GG-280428-21Public Programs: Humanities DiscussionsUniversity of ScrantonScranton's Story, Our Nation's Story9/1/2021 - 12/31/2023$152,791.00Julie Cohen   University of ScrantonScrantonPA18510-2429USA2021Public HistoryHumanities DiscussionsPublic Programs15279101527910

Implementation of a public discussion series addressing Scranton and U.S. history as they relate to questions of national identity and citizenship.

“Scranton’s Story, Our Nation’s Story” explores the aspirational journey to fulfill our national ideals through the lens of Scranton, Pennsylvania, an iconic American city that has experienced many of the key elements of our nation’s experience: industrial era growth and decline, waves of immigration past and present, and Black and Indigenous experiences. Programs in a variety of scholarly and participatory formats, and across eight themes related to history, philosophy, English/literature, and religious studies, will engage a diverse group of Scrantonians in humanities-based conversations and story-sharing about founding debates, local and national identity, and our role as citizens in a democracy.

GG-280499-21Public Programs: Humanities DiscussionsPEN American Center, Inc.Flashpoints: Free Speech in American History, Culture & Society10/1/2021 - 9/30/2023$150,000.00Jonathan Friedman   PEN American Center, Inc.New YorkNY10012-5258USA2021American StudiesHumanities DiscussionsPublic Programs15000001497000

Implementation of ten public discussion events addressing the history and value of free speech in the United States.

Flashpoints: Free Speech in American History, Culture & Society will present the fascinating and complex history of free speech in American democracy to public audiences in cities across the country. The series will examine how free speech has evolved, illuminate past debates over who has the right to speak, and shed light on present debates about free speech in the context of protest, dissent, and the quest for social change. The historical flashpoints in this series highlight pivotal moments in which artists, activists, writers, filmmakers, and intellectuals tested the limits of free speech, challenging the public to redefine “freedom” and realize it anew for populations and causes that were at risk of having their liberties denied. Timed to mark both PEN America’s 100th anniversary in 2022 and the lead up to the U.S. semiquincentennial, the event series will run for two years from 2021-2023, and the digital resources will be available to educators and the public for years to come.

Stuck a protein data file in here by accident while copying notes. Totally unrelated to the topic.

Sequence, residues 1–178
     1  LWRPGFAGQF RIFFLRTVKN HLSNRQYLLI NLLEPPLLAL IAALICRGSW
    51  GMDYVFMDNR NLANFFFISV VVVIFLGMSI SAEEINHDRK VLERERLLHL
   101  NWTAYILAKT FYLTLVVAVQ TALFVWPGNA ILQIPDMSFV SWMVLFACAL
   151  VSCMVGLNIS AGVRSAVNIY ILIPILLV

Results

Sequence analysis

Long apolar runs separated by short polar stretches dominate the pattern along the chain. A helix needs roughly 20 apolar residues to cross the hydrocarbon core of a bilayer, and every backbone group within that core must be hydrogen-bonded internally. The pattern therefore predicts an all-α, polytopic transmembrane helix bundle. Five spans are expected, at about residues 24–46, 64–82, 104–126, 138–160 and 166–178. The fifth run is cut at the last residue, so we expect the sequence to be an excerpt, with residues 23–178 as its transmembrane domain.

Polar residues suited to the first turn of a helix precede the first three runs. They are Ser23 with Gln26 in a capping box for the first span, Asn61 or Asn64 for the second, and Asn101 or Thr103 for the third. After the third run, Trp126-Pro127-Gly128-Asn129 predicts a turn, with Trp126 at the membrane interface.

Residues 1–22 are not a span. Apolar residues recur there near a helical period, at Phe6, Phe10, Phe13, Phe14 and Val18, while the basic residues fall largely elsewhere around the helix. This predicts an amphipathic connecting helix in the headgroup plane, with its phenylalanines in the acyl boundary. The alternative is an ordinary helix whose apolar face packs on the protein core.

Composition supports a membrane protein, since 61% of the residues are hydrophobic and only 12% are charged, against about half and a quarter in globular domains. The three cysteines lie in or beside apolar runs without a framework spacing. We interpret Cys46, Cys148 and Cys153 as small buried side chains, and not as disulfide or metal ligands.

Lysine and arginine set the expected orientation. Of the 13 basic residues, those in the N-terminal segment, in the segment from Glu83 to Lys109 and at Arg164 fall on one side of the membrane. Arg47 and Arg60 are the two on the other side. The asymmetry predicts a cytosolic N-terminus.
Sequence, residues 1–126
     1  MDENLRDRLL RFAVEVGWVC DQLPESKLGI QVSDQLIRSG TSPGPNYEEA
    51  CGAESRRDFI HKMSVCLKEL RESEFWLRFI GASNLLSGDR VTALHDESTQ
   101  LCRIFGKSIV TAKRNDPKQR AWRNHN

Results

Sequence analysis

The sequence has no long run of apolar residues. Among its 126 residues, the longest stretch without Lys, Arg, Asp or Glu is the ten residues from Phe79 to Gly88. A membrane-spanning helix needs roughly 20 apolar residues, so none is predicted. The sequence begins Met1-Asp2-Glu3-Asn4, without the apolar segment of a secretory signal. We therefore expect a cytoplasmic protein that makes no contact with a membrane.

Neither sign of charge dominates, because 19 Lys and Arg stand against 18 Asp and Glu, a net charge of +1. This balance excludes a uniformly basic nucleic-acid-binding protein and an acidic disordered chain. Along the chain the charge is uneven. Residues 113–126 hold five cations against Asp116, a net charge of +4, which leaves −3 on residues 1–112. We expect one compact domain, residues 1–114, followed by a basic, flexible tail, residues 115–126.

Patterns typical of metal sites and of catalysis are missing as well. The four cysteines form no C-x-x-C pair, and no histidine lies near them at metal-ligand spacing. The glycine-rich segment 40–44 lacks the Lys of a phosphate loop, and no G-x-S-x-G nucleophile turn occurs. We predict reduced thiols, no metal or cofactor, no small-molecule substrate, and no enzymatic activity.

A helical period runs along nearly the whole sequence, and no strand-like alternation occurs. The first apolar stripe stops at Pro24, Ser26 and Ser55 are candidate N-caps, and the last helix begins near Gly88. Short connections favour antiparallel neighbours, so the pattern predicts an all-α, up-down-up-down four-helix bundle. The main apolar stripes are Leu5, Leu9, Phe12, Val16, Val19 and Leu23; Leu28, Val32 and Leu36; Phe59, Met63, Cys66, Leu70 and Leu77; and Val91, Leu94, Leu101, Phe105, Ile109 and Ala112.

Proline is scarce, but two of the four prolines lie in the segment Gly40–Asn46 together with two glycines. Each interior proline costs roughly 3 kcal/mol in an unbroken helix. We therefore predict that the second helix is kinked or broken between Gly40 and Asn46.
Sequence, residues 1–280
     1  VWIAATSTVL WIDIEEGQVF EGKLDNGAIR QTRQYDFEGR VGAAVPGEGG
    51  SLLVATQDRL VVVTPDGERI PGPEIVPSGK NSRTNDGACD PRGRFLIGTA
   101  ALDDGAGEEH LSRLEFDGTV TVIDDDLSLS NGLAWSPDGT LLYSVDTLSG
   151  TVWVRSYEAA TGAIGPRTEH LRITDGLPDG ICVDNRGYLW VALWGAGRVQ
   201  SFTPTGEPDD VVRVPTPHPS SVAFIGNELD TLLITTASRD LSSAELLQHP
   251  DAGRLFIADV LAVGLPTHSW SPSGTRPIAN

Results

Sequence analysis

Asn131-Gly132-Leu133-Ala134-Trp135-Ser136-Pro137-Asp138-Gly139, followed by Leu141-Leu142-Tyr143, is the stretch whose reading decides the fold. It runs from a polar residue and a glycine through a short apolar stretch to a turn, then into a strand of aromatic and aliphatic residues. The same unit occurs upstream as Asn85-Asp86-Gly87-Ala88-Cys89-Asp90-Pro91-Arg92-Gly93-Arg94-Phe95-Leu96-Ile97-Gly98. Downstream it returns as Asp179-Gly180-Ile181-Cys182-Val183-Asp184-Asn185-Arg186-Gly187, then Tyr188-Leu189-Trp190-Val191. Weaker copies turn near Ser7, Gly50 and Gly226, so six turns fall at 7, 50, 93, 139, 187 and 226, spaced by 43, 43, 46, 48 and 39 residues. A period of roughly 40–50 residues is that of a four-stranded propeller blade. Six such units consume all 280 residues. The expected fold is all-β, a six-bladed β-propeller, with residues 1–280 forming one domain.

GI-234952-16Public Programs: America's Historical and Cultural Organizations: Implementation GrantsKemper and Leila Williams Foundation, Inc.Purchased Lives: The American Slave Trade from 1808 to 18655/1/2016 - 12/31/2018$282,190.00Jessica Dorman   Kemper and Leila Williams Foundation, Inc.New OrleansLA70130-2179USA2016U.S. HistoryAmerica's Historical and Cultural Organizations: Implementation GrantsPublic Programs2221906000022219060000

Implementation of a traveling exhibition with artifacts, a panel exhibition, an exhibition guide, and related public programs on the domestic slave trade from 1808 to 1865.

The Historic New Orleans Collection (THNOC) is honored to propose Purchased Lives: The American Slave Trade from 1808 to 1865, a multifaceted project exploring the history of the domestic slave trade from the abolition of the international trade in 1808 to the close of the Civil War. Purchased Lives provides resources for understanding the profound impact of the trade on the millions of enslaved individuals who found themselves forcibly separated from their communities and examines New Orleans’s role as the country’s largest and most profitable slave market. Comprising a traveling exhibition with original artifacts; an illustrated catalog; a slate of related public programs; and a facsimile-based panel exhibition, this important project will engage local, regional, and national audiences in exploring how slavery and the domestic slave trade has shaped American society.

GI-259366-18Public Programs: Exhibitions: ImplementationMonticelloSlavery at Jefferson's Monticello: Paradox of Liberty4/1/2018 - 12/31/2021$300,000.00Emilie Johnson   MonticelloCharlottesvilleVA22902-0316USA2018Public HistoryExhibitions: ImplementationPublic Programs3000000295656.910

Implementation of traveling and panel exhibitions exploring the complicated role of slavery in our national founding and the experiences of enslaved people at Monticello.

Slavery at Jefferson’s Monticello: Paradox of Liberty is an exhibition that uses Monticello, the home and plantation of Thomas Jefferson, as a lens through which to explore the dilemma of slavery and the lives of the enslaved families and their descendants. Given the relevance and popularity of this landmark exhibition, initially launched in 2012 in partnership with the Smithsonian National Museum of African American History and Culture, the Thomas Jefferson Foundation at Monticello (TJF) requests funding to update Slavery at Jefferson’s Monticello with new content—including a feature on Sally Hemings—and launch a new national tour to four African American museums. TJF also plans a “pop-up” exhibition that will travel to libraries and schools. Slavery at Jefferson’s Monticello presents Monticello as a microcosm of the American story—a lens through which to understand the complicated dynamics of our founding, and the ways in which slavery continues to shape our nation.